WWII Carrier Pigeon Finally Delivers Secret Message
Secrets from World War II may have been found in a coded message attached to the skeleton of a carrier pigeon found in an English chimney.
The bird was found when David Martin in Bletchingly, Surrey, was renovating his fireplace.
Martin told the BBC that he began "pulling it down, pulling it down…then the pigeon bones began appearing one by one by one. Down came the leg with the red capsule on with a message inside."
Martin called the discovery unbelievable and his wife was so delighted with the 70-year-old surprise she said it was like "Christmas."
Theories suggest the bird was making its way from behind enemy lines, perhaps from Nazi occupied France during the D Day invasions heading toward Bletchley Park which was Britain's main decryption establishment during World War II.
Others say the bird likely got lost, disorientated in bad weather or was simply exhausted after its trip across the English Channel and landed in the Martin's chimney.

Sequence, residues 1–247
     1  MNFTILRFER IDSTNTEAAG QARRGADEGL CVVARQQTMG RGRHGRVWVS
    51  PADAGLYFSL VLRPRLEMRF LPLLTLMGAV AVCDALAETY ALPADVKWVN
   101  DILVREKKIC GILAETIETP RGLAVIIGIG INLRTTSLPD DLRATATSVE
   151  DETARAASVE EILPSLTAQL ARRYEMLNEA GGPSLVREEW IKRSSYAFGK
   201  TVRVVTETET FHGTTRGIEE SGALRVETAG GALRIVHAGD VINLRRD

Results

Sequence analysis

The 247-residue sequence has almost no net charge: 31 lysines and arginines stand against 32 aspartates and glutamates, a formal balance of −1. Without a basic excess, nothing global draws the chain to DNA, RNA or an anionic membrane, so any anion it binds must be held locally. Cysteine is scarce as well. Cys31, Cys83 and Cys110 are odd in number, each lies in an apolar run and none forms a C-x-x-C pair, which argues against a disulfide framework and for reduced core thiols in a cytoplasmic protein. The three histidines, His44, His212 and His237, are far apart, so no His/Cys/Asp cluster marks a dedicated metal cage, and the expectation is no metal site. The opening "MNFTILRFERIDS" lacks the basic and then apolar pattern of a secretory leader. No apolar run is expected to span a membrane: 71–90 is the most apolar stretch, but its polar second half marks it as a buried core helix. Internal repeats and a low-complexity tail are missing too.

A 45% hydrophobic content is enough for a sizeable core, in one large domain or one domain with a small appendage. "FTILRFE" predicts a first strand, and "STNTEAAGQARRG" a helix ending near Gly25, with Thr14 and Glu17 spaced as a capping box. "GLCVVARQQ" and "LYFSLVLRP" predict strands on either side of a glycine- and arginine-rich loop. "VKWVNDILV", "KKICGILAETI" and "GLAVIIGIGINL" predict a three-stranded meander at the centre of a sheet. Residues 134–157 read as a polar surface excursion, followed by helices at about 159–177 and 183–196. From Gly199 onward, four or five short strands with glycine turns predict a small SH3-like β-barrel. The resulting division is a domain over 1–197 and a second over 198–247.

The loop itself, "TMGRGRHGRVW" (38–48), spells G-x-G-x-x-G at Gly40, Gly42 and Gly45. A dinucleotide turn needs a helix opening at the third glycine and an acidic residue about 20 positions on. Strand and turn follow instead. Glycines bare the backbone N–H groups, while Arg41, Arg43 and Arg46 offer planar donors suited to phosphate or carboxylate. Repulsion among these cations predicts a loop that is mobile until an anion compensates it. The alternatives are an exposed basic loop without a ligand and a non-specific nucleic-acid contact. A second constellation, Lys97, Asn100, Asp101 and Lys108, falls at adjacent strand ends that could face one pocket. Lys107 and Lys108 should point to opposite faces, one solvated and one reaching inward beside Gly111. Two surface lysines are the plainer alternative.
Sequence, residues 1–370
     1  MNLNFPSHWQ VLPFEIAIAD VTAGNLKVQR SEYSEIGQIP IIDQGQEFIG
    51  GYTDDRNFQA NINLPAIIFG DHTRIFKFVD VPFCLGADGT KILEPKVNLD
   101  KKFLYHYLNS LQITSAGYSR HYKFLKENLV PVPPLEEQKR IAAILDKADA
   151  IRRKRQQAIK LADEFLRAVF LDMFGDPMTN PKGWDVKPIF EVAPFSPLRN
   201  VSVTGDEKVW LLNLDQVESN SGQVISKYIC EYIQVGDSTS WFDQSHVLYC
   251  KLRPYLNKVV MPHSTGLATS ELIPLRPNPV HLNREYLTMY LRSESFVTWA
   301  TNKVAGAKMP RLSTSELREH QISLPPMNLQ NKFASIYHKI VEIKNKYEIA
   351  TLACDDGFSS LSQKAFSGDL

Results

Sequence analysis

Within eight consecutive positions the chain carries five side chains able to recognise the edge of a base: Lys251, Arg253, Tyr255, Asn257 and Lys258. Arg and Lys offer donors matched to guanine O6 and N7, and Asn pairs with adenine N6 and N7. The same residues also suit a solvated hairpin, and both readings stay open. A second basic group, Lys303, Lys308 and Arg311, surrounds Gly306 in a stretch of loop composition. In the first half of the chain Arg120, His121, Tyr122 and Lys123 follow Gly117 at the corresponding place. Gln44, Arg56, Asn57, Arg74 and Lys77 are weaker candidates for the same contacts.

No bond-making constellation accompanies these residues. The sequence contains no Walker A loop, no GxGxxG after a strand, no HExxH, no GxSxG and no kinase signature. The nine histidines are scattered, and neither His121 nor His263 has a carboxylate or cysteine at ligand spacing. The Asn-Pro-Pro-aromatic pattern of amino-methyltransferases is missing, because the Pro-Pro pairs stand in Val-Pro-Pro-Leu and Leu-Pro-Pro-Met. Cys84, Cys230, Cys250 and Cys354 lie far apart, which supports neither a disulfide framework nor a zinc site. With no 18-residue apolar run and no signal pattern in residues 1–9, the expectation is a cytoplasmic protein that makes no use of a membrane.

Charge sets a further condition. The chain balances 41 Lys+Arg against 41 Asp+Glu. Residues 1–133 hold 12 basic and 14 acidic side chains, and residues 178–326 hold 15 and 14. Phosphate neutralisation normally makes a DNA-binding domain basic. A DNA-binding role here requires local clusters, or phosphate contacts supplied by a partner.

More than 250,000 carrier pigeons were used in World War II. They were called the National Pigeon Service and were relied on heavily to transport secret messages.
During the war the Dickin Medal, which is the highest possible animal's decoration for valor, was awarded to 32 pigeons, including the United States Army Pigeon Service's G.I. Joe and the Irish pigeon Paddy.
Government code breakers are working to read the message found in Martin's chimney.
Colin Hill from the Bletchley Park pigeon exhibition told BBC, "I thought no way on earth can I work this one out."
They have determined so far that the message is from a Sgt. W. Stott and that it was written 70 years ago.